Be sure to check that fretboard you removed and the frets. I am 90% sure that the previous owner didn't # the frets so that at least 2 of the higher ones are in the wrong place. Up through the 9th fret are for sure correct, though. I think the idea is to write the # right on the frets when they come off, and/or individually place them in a #'d bag or something. I think I found that last fretboard for about $50 back before the factory closed. The unused fretboards are pretty cheap and if you are serous about it, I would think about buying 3-pack or something.

That flame-top mojo looks pretty nice and ready now! Is that a satin finish on that now?

Anyway, excellent work!
27
TECH TALK / Re: Fall Mojo- Lifted fretboard - no guts, no glory. No frets either.
« Last post by vjmanzo on August 12, 2018, 04:46:26 PM »
Awesome!! Very cool project and a great job!
28
TECH TALK / Fall Mojo- Lifted fretboard - no guts, no glory. No frets either.
« Last post by billy on August 12, 2018, 09:21:04 AM »
A while back, I offered to try to repair the lifted fretboard on this beautiful Mojo for JB:

http://forums.parkerguitars.com/index.php/topic,15889.msg141419.html#msg141419

He sent it, and I've been swamped with other responsibilities in the meantime, but I finally had a weekend day with nice enough weather to work outside.

I also have a flame top mojo shell in trans black that had a fretboard replaced, but they didn't clamp it correctly and 5-6 frets were higher enough than the ones around them to make it unplayable.  At the least, seeing the issue gave me some insight on how to clamp a replacement fretboard.  More on this guitar later.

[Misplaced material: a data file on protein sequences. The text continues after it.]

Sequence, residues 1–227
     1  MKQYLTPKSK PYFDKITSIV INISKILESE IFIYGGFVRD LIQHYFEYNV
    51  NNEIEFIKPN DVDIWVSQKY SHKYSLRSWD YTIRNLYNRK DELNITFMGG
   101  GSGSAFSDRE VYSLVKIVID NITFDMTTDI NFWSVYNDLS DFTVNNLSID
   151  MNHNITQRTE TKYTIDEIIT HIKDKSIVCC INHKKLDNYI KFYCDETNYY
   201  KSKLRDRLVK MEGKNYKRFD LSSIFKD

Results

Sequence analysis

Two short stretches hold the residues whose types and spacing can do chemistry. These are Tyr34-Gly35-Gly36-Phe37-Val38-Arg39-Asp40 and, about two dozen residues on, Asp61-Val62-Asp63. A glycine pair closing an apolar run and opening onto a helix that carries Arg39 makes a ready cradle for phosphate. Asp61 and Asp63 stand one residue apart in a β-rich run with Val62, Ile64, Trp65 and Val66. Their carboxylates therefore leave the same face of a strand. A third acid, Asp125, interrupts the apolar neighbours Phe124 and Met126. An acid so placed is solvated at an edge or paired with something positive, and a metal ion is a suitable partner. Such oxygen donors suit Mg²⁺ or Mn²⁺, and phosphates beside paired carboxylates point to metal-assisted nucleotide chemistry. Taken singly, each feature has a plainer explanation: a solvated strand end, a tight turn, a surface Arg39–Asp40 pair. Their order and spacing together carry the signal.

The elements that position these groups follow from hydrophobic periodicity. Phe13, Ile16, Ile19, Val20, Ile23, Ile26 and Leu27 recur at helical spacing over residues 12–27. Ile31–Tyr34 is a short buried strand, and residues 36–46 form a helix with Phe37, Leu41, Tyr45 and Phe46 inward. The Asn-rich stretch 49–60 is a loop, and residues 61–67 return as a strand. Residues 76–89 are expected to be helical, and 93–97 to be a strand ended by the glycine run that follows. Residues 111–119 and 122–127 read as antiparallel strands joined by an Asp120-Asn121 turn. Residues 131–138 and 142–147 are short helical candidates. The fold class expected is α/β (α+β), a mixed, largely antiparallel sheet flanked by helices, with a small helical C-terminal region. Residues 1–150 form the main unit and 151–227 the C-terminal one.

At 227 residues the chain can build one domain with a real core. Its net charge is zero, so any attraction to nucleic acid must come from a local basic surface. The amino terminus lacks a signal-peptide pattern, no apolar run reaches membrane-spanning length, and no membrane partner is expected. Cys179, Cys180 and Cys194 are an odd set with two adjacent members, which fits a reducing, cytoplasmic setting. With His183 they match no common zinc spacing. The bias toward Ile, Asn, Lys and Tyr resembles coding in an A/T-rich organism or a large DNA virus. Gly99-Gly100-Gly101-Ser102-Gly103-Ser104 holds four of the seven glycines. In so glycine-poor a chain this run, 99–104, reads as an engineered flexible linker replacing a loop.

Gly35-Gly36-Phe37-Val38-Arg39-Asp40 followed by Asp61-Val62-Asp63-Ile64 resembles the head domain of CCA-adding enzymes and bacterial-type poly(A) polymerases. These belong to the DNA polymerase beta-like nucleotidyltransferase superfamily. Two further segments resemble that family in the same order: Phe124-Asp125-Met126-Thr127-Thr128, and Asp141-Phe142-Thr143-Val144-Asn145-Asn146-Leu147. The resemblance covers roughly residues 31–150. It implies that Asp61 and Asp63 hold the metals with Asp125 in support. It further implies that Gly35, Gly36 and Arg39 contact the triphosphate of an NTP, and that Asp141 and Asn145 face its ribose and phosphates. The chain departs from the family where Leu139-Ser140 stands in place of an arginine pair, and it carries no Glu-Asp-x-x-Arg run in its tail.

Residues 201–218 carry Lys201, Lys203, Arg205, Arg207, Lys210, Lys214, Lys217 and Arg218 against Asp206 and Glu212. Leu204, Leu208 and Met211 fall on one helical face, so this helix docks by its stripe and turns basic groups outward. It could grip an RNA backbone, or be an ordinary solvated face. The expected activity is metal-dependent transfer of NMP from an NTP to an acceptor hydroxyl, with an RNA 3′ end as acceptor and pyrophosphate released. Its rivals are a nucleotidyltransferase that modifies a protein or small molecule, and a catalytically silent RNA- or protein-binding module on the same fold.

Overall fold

Back to JB's fall mojo-

I was hoping there would be a way I could remove the repair glues without removing the fretboard, then apply some of the factory glue and reclamp to flat(ter).  But, the amount and types of repair glue(s) without clamping made this approach unworkable. 

Fortunately, JB had a spare factory fretboard with the frets on it, trimmed to shape, so no worries about ruining the old one trying to remove it.

I thought about various approaches and finally settled on buying a heat gun - ($12 harbor freight!).  It worked great, though I was a little worried at first about how much heat might be needed.  I used a box cutter to score the edge of the fretboard and reduce further damage to the paint.